Association Between Plasma Homocysteine Levels and Coronary Artery Disease: A Population-Based Study in Northern Greece

Amalia I. Boufidou; Areti D. Makedou; Dimitrios N. Adamidis; Haralampos I. Karvounis; John T. Gourassas; Haralampos T. Kesidis; Kali G. Makedou; Christodoulos E. Papadopoulos; Georgios E. Parharidis; Georgios E. Louridas


Curr Med Res Opin. 2004;20(2) 

In This Article

Summary and Introduction

Objective: Elevated plasma total homocysteine (tHcy) levels constitute a risk factor for coronary artery disease (CAD). We prospectively examined the association of fasting tHcy levels in patients in Northern Greece who had established CAD.
Patients and Methods: Plasma fasting tHcy levels were measured in 42 patients with angiographically documented CAD and compared to 42 age-, sex-, BMI-and smoking habit-matched control subjects. We also determined the plasma vitamin B12, folic acid and lipoprotein levels in all patients and controls. Conventional risk factors for CAD were also estimated.
Results: In a univariate analysis, tHcy (mmol/l) levels were higher in patients compared to controls almost reaching statistical significance (13 (7-41) vs 11.3 (4-39); p = 0.07). Multivariate analysis of conventional risk factors showed that tHcy levels were not an independent risk factor for CAD. However, tHcy levels were significantly higher in patients with a previous history of myocardial infarction compared to patients without such a history and to controls (15 (8.8-29) vs 11.7 (7-41); p = 0.007 and 15 (8.8-29) vs 11.3 (4-39); p = 0.002, respectively). Hyperhomocysteinaemia (> 15 µmol/l) was detected in 35.7% of patients and 11.9% of controls (p < 0.05).
Conclusions: In Northern Greece, plasma tHcy levels may not be an independent risk factor for CAD in patients with angiographically documented CAD. However, patients with CAD have a trend towards higher tHcy levels. Additionally, plasma tHcy levels may be associated with the development of myocardial infarction.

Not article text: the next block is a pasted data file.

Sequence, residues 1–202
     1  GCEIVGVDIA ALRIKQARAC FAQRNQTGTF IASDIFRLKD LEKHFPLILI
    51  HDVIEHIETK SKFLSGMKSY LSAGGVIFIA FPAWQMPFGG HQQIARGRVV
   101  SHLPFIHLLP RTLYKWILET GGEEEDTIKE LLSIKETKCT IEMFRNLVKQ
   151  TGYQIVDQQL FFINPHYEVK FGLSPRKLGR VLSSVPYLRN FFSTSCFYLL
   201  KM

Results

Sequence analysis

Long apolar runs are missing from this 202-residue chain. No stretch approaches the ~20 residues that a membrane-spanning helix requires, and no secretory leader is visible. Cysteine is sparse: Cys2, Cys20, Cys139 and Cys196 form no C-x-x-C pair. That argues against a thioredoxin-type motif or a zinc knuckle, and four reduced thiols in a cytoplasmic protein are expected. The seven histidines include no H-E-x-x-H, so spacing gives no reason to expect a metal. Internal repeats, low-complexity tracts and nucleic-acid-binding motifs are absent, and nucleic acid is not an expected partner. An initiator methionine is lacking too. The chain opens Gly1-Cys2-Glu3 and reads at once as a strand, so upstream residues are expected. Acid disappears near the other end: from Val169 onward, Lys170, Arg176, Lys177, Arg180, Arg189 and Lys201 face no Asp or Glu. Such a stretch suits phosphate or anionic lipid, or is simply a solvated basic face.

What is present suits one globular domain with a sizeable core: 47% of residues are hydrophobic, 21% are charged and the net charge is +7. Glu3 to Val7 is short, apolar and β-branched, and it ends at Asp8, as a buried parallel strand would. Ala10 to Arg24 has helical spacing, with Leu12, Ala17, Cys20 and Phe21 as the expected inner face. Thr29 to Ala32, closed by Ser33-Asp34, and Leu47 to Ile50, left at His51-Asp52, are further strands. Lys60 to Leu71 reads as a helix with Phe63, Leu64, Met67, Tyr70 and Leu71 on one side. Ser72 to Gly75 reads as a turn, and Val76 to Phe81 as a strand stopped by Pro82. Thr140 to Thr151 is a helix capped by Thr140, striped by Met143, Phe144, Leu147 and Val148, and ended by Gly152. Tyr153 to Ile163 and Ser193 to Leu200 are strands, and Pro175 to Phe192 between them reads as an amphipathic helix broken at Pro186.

Homocysteinuria, an autosomal recessive condition, is usually caused by a deficiency of the enzyme cystathionine β-synthase, which is required for the conversion of homocysteine (tHcy), derived from dietary methionine to cystathionine.[1,2] Homozygotes with homocysteinuria have high levels of circulating tHcy (>100 µmol/l), and may have ocular, skeletal and neurological complications.[1,2] Patients with this condition are at high risk for premature arteriosclerotic vascular disease and venous thrombosis.[1,2] If homocysteinuria remains untreated, about 50% of patients may experience thromboembolic events and mortality could reach 20% before the age of 30 years.[2] Observations in patients with homocysteinuria led to the idea that tHcy may be involved in the pathogenesis of arteriosclerosis. This concept prompted a large number of epidemiological studies that assessed the relation between moderately elevated tHcy levels and coronary or peripheral arterial disease. Observations in approximately 80 clinical and epidemiological studies suggested that elevated tHcy is a risk factor for atherosclerotic vascular disease and for arterial and venous thromboembolism.[3]

A meta-analysis showed that tHcy in increments of 5 µmol/l corresponded to a greater risk of coronary artery disease (CAD) in men and women.[4] In contrast, a more recent meta-analysis concluded that tHcy may not be as harmful for the heart as previously thought.[5]

The aim of the present study was to evaluate the relation between plasma tHcy levels and CAD in a population of Northern Greece with angiographically confirmed CAD.


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